Alzheimer’s disease (the most common type of dementia) occurs in the elderly, while autism – the complex developmental disorder associated with symptoms including deficits in social communication and social interaction and restricted, repetitive patterns of behavior, interests or activities – presents itself by the age of three. The two disorders seem to have nothing in common, except that both involve the brain.
Autism in its various levels challenges a child’s ability to take in the world through his senses and to use his body and thoughts to respond to it. When these challenges are significant, they interfere with a child’s ability to grow and learn.
But now, an extensive international study led by Tel Aviv University (TAU) Prof. Illana Gozes of the department of human molecular genetics and biochemistry has found deposits of the tau protein typically found in Alzheimer’s patients in tissues taken from the postmortem brain of a seven-year-old autistic child.
The study was conducted in close collaboration with researchers from TAU’s Blavatnik School of Computer Science, Sheba Medical Center at Tel Hashomer near Tel Aviv and a variety of research institutions across Europe, including the biotechnology institute BIOCEV in the Czech Republic, the Aristotle University of Thessaloniki in Greece, the University of Antwerp in Belgium and the University Hospital Center in Zagreb, Croatia. Their article has just been published with the title “Tauopathy in the young autistic brain: novel biomarker and therapeutic target” in the journal Translational Psychiatry printed by the Nature Publishing Group.
The child suffered from the ADNP syndrome involving a mutation that causes a deficiency/malfunctioning of the ADNP protein, which is essential for brain development. ADNP syndrome, characterized by mental impairment, is known to be one of the 10 most common genetic syndromes on the autism spectrum.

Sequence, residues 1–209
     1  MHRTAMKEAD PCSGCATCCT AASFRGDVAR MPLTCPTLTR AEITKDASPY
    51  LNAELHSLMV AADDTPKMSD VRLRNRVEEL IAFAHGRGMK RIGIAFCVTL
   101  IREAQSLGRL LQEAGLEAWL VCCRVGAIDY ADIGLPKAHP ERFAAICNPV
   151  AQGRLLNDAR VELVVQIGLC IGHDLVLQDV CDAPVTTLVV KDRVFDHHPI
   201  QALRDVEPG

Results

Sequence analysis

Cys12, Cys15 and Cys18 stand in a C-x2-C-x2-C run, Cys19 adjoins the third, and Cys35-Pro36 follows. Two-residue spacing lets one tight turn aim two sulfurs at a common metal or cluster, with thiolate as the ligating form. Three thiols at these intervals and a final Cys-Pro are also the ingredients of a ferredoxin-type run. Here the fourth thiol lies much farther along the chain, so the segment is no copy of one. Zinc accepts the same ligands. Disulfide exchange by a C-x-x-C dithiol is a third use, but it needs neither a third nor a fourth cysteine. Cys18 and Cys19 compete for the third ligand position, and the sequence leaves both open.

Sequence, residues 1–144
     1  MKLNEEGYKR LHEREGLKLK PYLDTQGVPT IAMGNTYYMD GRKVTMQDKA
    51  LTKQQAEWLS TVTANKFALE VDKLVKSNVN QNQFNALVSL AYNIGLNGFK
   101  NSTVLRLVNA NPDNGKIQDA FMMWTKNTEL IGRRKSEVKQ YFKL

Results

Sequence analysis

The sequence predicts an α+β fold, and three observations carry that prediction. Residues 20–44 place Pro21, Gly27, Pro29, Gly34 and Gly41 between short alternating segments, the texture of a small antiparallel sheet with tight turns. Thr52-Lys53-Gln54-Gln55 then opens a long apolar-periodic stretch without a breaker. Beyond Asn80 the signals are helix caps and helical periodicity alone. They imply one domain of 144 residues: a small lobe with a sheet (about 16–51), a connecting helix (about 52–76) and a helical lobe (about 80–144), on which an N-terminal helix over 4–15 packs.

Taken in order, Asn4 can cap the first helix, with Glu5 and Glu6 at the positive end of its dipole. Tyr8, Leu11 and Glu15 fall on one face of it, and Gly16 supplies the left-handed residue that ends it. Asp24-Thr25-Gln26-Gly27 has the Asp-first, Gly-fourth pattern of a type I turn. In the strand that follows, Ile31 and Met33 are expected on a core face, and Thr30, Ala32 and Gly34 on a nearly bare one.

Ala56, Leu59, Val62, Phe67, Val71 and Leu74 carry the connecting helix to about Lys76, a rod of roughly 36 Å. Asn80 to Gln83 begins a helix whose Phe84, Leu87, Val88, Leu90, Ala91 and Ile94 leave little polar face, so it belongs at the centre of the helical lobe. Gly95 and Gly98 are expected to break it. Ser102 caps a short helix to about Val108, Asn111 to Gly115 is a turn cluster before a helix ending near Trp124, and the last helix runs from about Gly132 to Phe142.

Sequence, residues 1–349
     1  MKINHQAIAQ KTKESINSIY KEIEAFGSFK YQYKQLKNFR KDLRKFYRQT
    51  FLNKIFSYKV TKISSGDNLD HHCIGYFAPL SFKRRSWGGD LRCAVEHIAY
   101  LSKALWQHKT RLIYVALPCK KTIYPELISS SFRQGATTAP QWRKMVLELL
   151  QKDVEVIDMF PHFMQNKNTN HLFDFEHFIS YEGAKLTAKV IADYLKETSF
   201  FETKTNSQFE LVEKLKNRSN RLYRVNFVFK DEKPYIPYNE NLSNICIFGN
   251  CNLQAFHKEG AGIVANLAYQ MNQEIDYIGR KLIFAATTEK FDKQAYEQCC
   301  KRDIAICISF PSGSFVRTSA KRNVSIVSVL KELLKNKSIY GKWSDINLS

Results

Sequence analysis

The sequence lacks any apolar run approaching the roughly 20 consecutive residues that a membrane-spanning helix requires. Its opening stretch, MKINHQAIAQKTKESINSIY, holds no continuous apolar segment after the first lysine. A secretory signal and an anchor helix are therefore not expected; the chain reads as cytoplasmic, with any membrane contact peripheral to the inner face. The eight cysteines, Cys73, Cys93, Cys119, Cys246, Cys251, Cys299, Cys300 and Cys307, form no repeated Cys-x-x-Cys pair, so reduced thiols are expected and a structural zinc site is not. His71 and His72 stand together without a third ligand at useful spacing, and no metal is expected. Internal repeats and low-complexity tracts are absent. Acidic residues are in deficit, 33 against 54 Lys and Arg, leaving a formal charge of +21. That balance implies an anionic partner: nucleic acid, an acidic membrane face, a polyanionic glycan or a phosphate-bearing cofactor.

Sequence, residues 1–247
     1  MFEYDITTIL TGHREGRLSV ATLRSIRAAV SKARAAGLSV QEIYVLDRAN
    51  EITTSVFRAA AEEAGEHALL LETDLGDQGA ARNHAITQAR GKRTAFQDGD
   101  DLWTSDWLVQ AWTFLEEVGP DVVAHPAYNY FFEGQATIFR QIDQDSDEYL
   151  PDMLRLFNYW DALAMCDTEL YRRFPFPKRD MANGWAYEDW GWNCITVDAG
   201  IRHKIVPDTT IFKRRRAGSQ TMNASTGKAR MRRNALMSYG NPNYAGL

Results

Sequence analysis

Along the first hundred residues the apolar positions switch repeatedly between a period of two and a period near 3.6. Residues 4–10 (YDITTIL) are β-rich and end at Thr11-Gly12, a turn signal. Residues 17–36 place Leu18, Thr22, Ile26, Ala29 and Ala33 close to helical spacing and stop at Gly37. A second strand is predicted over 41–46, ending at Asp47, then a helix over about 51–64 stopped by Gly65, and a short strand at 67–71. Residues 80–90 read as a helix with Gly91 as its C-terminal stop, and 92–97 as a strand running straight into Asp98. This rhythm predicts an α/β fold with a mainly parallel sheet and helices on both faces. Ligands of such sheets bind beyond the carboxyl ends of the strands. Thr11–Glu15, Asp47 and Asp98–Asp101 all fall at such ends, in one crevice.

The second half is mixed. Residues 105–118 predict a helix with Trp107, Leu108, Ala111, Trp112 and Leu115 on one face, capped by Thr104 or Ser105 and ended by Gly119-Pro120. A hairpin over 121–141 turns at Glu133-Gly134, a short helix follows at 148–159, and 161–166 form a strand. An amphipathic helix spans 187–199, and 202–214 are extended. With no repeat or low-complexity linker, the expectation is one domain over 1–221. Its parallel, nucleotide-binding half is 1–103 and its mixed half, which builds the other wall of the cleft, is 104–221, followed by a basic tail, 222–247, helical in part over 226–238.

The ADNP syndrome child was characterized by severe developmental delay, intellectual disability and autism. As a result of this discovery, her team of researchers tested an experimental drug called NAP – originally developed for Alzheimer’s disease – on nerve cells in an animal model of ADNP syndrome with the mutation inducing Alzheimer’s-like symptoms. The experiment was a success, with the damaged nerve–like cells returning to normal function.
The TAU clinical biochemist and her colleagues believe that they will ultimately reach the goal of developing a drug or drugs that will help children with autism that results from genetic mutations. “In all likelihood, treatment with the experimental drug will aid cognitive improvement in autistic children and will enhance their memory,” she said.
Gozes and her team found deposits of the tau protein typically found in Alzheimer’s patients in tissues taken from the boy’s brain. “When we compared the postmortem ADNP syndrome brain tissues to tissue from the brain of a young person without ADNP syndrome, we found deposits of the tau protein in the ADNP child, a pathology that characterizes Alzheimer’s disease.”